Chief Justice

Newly selected North Dakota Supreme Court Chief Justice Jon Jensen, right, and former Chief Justice Gerald VandeWalle pass each other to exchange seats during the ceremonial passing of the gavel observance inside the court chambers at the state capitol on Monday in Bismarck. VandeWalle will remain on the court but stepped back as chief justice after 27 years due to declining energy. “You have some big shoes to fill,” Justice Lisa McEvers told Jensen and the crowded courtroom. “I hear it rumored (they are) size 15.” Jensen claimed the center seat over McEvers in a runoff election by the justices and the state’s district court judges.

Jon Jensen likes the courtroom.

That’s a good trait for the new chief justice of North Dakota’s Supreme Court.

Jensen on Wednesday succeeded Chief Justice Gerald VandeWalle, who will remain on the court but stepped back after 27 years as chief due to declining energy. The state’s judiciary in December elected Jensen as chief justice to lead the state’s high court for the next five years. A ceremony is set this morning to mark the transition.

Jensen said that from his career in private practice in Grand Forks to his years as a judge for the Northeast Central Judicial District, he has admired the quality of the state’s court system and the roles he’s been able to have as an advocate for clients and as a judge helping find “the solution.”

Jensen, 54, credits his older brother, also an attorney, with sparking his interest in the legal profession. Jensen’s undergraduate degree is in accounting, and he is a certified public accountant. He graduated in 1990 from the University of North Dakota School of Law. He was a law clerk for former Chief Justice Ralph Erickstad before entering private practice for more than 20 years.

As a young attorney, he practiced family law, personal injury, probate — “anything that would get me into the courtroom,” he said. His practice primarily focused on criminal and civil tax litigation.

He liked interacting with clients and helping them with problems. He misses that.

“Something that I found the most satisfying — you never like to lose cases, but if you had an adverse result, a client that came up to you and expressed their appreciation even though the result was adverse, those are gratifying moments,” Jensen said.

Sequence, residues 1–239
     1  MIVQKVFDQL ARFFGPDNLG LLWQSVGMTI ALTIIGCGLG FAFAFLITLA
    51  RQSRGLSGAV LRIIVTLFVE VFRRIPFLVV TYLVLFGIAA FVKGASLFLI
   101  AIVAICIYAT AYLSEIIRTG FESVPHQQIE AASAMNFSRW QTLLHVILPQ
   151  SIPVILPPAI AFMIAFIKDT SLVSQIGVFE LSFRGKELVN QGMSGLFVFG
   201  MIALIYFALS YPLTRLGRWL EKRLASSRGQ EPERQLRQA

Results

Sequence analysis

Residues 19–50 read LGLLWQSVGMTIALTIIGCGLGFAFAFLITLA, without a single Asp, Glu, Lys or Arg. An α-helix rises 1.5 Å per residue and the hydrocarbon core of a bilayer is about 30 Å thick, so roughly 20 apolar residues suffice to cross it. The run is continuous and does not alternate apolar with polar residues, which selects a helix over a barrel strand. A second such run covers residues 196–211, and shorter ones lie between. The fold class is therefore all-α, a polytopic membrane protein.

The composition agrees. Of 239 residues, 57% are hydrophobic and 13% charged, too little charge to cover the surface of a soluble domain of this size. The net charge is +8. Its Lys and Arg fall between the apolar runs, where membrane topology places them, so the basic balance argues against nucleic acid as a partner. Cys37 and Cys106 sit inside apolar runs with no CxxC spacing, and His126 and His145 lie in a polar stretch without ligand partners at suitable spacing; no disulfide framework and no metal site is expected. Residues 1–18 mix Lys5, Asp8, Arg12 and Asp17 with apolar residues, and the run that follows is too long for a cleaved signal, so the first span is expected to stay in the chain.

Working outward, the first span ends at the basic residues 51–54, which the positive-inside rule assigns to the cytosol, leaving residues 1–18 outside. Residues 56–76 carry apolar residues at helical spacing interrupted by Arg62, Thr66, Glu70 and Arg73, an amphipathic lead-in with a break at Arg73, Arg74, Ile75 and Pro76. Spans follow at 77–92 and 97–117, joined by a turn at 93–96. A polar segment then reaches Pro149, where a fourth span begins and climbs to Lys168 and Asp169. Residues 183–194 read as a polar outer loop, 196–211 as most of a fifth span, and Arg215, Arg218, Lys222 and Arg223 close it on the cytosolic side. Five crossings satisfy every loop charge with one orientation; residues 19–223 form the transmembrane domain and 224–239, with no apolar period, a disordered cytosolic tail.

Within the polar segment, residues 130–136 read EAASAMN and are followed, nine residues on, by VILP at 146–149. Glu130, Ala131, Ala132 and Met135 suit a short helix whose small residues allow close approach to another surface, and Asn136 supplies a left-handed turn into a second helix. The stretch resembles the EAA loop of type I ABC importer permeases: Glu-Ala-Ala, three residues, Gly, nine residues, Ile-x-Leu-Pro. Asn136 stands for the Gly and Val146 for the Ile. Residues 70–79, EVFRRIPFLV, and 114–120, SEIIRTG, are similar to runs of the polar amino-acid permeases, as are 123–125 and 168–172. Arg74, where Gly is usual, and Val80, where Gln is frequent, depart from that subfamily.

In 2013, Gov. Jack Dalrymple appointed the Grand Forks native to the bench of the Northeast Central Judicial District that encompasses Grand Forks and Nelson counties. Being a judge brought Jensen into the courtroom more often, where he liked watching attorneys — especially good ones — during trial.

“Not advocating” was a big difference between being a judge versus an attorney, he said.

“I think judges like to help people,” Jensen said. “And I think you’re no longer an advocate but you’re in some ways finding the legal solution, but the solution.”

As a judge, he discovered how much he loved to write. He became presiding judge of the district in 2015, taking on a more administrative role, which he found he enjoyed.

Judge Don Hager knows Jensen from their days as opposing attorneys. They came on the bench for the Northeast Central Judicial District within a year of each other, filling vacancies.

“He’s one of those guys that can look at the law and to him it’s black and white,” Hager said. “Very structured person, very organized.”

In 2017, Justice Carol Ronning Kapsner retired from the Supreme Court. Jensen applied to succeed her, and Gov. Doug Burgum appointed him from a nominating process. Jensen plans to run for a full 10-year term this year, when North Dakota voters will decide the seat.

Jensen has been “always professional” and “conscientious” as an attorney and judge, said Tony Weiler, executive director of the State Bar Association of North Dakota.

“(He) was a good district court judge, is a really good justice and I think he’s going to be a very good chief,” Weiler said.

Jensen said that when he arrived on the court, the volume of reading was greater than he expected, but so was the collegiality among the justices.

“I’m actually very surprised at how good it is, how collaborative the discussions are and how we can have productive disagreements and the next day not carry that through,” he said.

As a previous judge, Jensen’s understanding of the district courts will be beneficial, Hager said.

Among his first plans as chief justice, Jensen will visit North Dakota’s eight judicial districts to hear from judges on potential improvements to the court system. He also plans to develop relationships with legislative leaders and other state officials.

“I think our state can look towards him spearheading, attacking inefficiencies in the court and getting the most bang for the buck for our Legislature,” Hager said.

The chief justice is largely an administrative role, overseeing budget proposals and outlining priorities of the court system. It’s also a ceremonial position. The chief justice presides over Supreme Court arguments and gives a state of the judiciary address to the biennial Legislature.

VandeWalle, 86, has served on the court since 1978 and is in the middle of a 10-year term. He will continue to carry a full workload as a justice.

Any one of the other justices would be “eminently qualified” to serve as chief, VandeWalle said. Justices Daniel Crothers and Lisa Fair McEvers offered their names.

“They all have different strengths,” VandeWalle said.

North Dakota’s justices earn $159,409 a year. The chief justice earns an extra $4,508.

Jensen will be the court’s 44th chief justice but only the third since 1973, after Erickstad and VandeWalle.

“I think Justice Jensen will certainly carve out his own path,” Weiler said.

Jensen and his wife, Linda Bata, live in Bismarck.

The passing of the gavel ceremony is set for 9 a.m. today in the Ralph J. Erickstad Courtroom at the North Dakota Supreme Court.

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